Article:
1. Inhalt
  2. Navigation
  3. Weitere Inhalte
  4. Metanavigation
  5. Suche
  6. Choose from 30 Languages


'Google should not ban film without court order'

In an interview with DW, Eva Galperin from the Electronic Frontier Foundation, argues that Google's "pro-active" approach to the censorship of the controversial "Innocence of Muslims" video sets a dangerous precedent.

DW: Do you think the "Innocence of Muslims" video should be banned by Google?

Eva Galperin: I most certainly do not think that the video should be banned, either in the United States or in Egypt and in Libya were Google chose to ban it in spite of the fact that they acknowledged that it was consistent with their terms of service and they had not received any court orders.

Do you believe in free speech at any cost?

I believe in free speech within the limits of US law, which is not completely unadulterated free speech. And furthermore, I do acknowledge that Google does have to obey the law in countries where it receives a valid court order, such as countries where it has offices and is therefore under that country's jurisdiction. I do think that's one of the reasons why Google needs to be extremely circumspect about where they have their offices, because if they want to maintain their devotion to freedom of expression, they need to understand that when they move into other countries where freedom of expression is not as strongly supported, they may have to make these kinds of compromises when they receive court orders in countries like India and possibly Malaysia.

Some critics are calling for a concrete, transnational system of internet governance. Would you approve of such an idea?

Eva Galperin from the Electronic Frontier Foundation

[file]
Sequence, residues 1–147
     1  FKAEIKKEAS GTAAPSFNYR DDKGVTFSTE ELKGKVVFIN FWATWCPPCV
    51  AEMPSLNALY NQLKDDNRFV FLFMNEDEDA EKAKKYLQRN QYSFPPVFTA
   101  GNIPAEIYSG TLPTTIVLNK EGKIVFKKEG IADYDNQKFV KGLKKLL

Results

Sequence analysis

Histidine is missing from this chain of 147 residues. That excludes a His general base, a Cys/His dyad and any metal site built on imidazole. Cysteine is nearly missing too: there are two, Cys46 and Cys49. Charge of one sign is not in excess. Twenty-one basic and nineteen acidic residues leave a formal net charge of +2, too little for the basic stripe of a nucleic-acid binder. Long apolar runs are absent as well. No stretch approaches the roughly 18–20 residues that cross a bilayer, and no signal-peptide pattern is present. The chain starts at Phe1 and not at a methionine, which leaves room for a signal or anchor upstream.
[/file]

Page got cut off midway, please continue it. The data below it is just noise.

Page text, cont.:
Free speech, but not at any cost: Eva Galperin

Worldwide internet governance is highly problematic. Partially because of the clashes between various countries right to autonomy and their right to decide what kind of content is allowed in each country. But also because the US frequently uses these kinds of worldwide treaties or agreements in order to push through its own intellectual property agenda which can often lead to widespread censorship, which we are very concerned about, which we saw with ACTA [Anti-Counterfeiting Trade Agreement], and also what you saw domestically in the United States their attempt to pass SOPA [Stop Online Piracy Act].

Do you think Obama's condemnation of the video can be read as an attack on free speech?

No I don't. I think that the White House has been fairly clear in its support of freedom of speech, while at the same time condemning the violence. There is nothing about condemning the violence that necessitates the censorship of this video. I think that by condemning the violence without calling for the censorship of this video, the White House is making it clear that they are putting the blame where it belongs - on the perpetrators of the violence.

In light of the Wikileaks affair and the subsequent treatment of Bradley Manning at the hands of the US government, is it not hypocritical of the current administration to talk about freedom of speech?

The administration's record on its support for freedom of expression is certainly not untarnished. I am perfectly willing to give them kudos on this, in situations where they stand up for freedom of speech. But I think it's also very important to hold them accountable when they don't, such as in the case of Bradley Manning.

Google blocked access to the film in certain countries, you mentioned before, Libya, Indonesia and India, do you think that was the right decision?

I think it's important to distinguish the different reasons why Google blocked the content in different countries. In Libya and Egypt, Google decided to block the video in spite of the fact that it was not in violation of their terms of service and they had not received any kind of court order. The general Google policy on take-downs is not to mediate content. It's usually the case that if you are a YouTube user and you upload a video, so long as you are not violating the terms of service or the law, you can expect that video to stay up. And so for them to take the sort of pro-active approach to censorship is extremely concerning to proponents of freedom of expression and potentially the beginning of a slippery slope.